- Fujimoto M, Shimizu N, Kunii K, Martyn JA, Ueki K, Kaneki M. A role for iNOS in fasting hyperglycemia and impaired insulin signaling in the liver of obese diabetic mice. Diabetes. 2005;54:1340–8.View ArticlePubMedGoogle Scholar
- Stevens RB, Sutherland DE, Ansite JD, Saxena M, Rossini TJ, Levay-Young BK, et al. Insulin down-regulates the inducible nitric oxide synthase pathway: nitric oxide as cause and effect of diabetes? J Immunol. 1997;159:5329–35.PubMedGoogle Scholar
- Johansen JS, Harris AK, Rychly DJ, Ergul A. Oxidative stress and the use of antioxidants in diabetes: linking basic science to clinical practice. Cardiovasc Diabetol. 2005;4:5. doi:10.1186/475-2840-4-5.View ArticlePubMed CentralPubMedGoogle Scholar
- Li D-L, Ma Z-Y, Fu Z-J, Ling M-Y, Yan C-Z, Zhang Y. Glibenclamide decreases ATP-induced intracellular calcium transient elevation via inhibiting reactive oxygen species and mitochondrial activity in macrophages. PLoS ONE. 2014;9:e89083.View ArticlePubMed CentralPubMedGoogle Scholar
- Schmid D, Svoboda M, Sorgner A, Moraycevic I, Thalhammer T, Chiba P, et al. Glibenclamide reduces pro-inflammatory cytokines in an ex vivo model of human endotoxinaemia under hypoxic conditions. Life Sci. 2011;89:725–34.View ArticlePubMedGoogle Scholar
- Cai J, Lu S, Yao Z, Deng Y-P, Zhang L-D, Yu J-W, et al. Glibenclamide attenuates myocardial injury by lipopolysaccharides in streptozotocin-induced diabetic mice. Cardiovasc Diabetol. 2014;13:106.View ArticlePubMed CentralPubMedGoogle Scholar
- Kewcharoenwong C, Rinchai D, Utispan K, Suwannasaen D, Bancroft GJ, Ato M, et al. Glibenclamide reduces pro-inflammatory cytokine production by neutrophils of diabetes patients in response to bacterial infection. Sci Rep. 2013;3:3363. doi:10.1038/srep03363.View ArticlePubMed CentralPubMedGoogle Scholar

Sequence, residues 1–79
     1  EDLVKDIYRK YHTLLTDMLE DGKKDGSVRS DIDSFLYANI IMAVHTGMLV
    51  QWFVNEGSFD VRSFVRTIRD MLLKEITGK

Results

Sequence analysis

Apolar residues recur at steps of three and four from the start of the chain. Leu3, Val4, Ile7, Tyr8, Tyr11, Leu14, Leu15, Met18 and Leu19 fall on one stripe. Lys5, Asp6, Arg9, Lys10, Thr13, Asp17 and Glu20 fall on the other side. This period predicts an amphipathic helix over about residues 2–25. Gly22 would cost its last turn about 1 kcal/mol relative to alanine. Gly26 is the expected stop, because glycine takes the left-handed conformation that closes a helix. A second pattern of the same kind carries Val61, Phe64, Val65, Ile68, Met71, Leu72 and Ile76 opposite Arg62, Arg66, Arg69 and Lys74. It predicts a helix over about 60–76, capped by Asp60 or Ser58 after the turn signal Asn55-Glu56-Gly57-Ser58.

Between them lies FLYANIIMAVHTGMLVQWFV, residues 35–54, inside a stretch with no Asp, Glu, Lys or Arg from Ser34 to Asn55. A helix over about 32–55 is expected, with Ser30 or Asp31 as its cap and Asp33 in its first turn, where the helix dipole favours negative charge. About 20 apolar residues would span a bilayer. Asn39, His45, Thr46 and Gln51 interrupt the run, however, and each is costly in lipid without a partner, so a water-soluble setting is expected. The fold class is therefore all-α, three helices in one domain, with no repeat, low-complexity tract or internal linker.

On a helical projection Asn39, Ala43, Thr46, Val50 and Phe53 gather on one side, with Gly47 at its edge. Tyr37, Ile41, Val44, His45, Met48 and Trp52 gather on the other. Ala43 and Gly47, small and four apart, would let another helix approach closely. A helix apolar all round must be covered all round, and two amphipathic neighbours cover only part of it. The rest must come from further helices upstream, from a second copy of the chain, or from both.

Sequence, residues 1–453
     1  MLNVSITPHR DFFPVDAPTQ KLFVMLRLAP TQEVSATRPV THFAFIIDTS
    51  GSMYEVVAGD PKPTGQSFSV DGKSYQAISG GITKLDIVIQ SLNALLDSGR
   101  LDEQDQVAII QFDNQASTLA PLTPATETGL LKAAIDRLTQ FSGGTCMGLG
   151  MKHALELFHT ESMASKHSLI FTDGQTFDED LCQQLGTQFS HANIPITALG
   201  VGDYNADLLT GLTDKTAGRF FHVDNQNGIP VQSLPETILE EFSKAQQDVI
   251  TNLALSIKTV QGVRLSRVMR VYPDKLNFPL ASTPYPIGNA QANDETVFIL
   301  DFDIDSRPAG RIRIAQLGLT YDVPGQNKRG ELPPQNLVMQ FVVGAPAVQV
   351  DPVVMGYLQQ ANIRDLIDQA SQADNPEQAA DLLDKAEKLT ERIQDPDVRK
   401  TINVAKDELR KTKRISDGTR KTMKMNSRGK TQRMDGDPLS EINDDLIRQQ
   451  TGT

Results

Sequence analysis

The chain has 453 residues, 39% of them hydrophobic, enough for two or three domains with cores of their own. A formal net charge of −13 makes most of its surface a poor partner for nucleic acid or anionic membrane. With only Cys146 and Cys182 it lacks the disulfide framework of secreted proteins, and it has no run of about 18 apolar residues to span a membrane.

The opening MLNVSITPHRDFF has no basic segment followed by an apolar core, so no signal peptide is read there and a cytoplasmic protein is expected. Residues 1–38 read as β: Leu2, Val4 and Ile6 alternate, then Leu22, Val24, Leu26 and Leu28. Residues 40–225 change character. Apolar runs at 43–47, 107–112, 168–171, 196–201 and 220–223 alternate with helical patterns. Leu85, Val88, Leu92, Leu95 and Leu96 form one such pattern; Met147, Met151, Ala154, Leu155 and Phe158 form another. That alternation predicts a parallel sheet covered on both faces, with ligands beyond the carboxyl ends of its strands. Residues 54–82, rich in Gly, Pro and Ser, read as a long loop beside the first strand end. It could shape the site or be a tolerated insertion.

- Koh CCKW, Maude RR, Schreiber MF, Limmathurotsakul D, Wiersinga WJ, Wuthiekanun V, et al. Glyburide is anti-inflammatory and associated with reduced mortality in melioidosis. Clin Infect Dis. 2011;52:717–25.View ArticlePubMed CentralPubMedGoogle Scholar
- Sartoretto JL, Melo GA, Bersani-Amado CA, Oliuveira MA, Santos RA, Passaglia RT, et al. Chlorpropamide treatment restores the reduced carrageenan-induced paw edema and pleural exudate volume in diabetic rats. Inflamm Res. 2008;57:438–43.View ArticlePubMedGoogle Scholar
- Thompson MK, Tuma RF, Young WF. The effects of pentoxifylline on spinal cord blood flow after experimental spinal cord injury. J Assoc Acad Minor Phys. 1999;10:23–6.PubMedGoogle Scholar
- Vakili A, Mojarrad S. Effect of pentoxifylline on brain edema in a rat model of transient focal cerebral ischemia. Physiol Pharmacol. 2009;12:320–7.Google Scholar
- Elmarakby AA, Sullivan JC. Relationship between oxidative stress and inflammatory cytokines in diabetic nephropathy. Cardiovasc Ther. 2012;30:49–59.View ArticlePubMedGoogle Scholar
- Radfar M, Larijani B, Hadjibabaie M, Rajabipour B, Mojtahedi A, Abdolhari M. Effects of pentoxifylline on oxidative stress and levels of EGF and NO in blood of diabetic type 2 patients: a randomized, double-blind placebo-controlled clinical trial. Biomed Pharmacother. 2005;59:302–6.View ArticlePubMedGoogle Scholar
- Maiti R, Agrawal NK, Dash D, Pandey BL. Effect of pentoxifylline on inflammatory burden, oxidative stress and platelet aggregability in hypertensive type 2 diabetes mellitus patients. Vasc Pharmacol. 2007;47:118–24.View ArticleGoogle Scholar
This is an Open Access article distributed under the terms of the Creative Commons Attribution License (http://creativecommons.org/licenses/by/4.0), which permits unrestricted use, distribution, and reproduction in any medium, provided the original work is properly credited. The Creative Commons Public Domain Dedication waiver (http://creativecommons.org/publicdomain/zero/1.0/) applies to the data made available in this article, unless otherwise stated.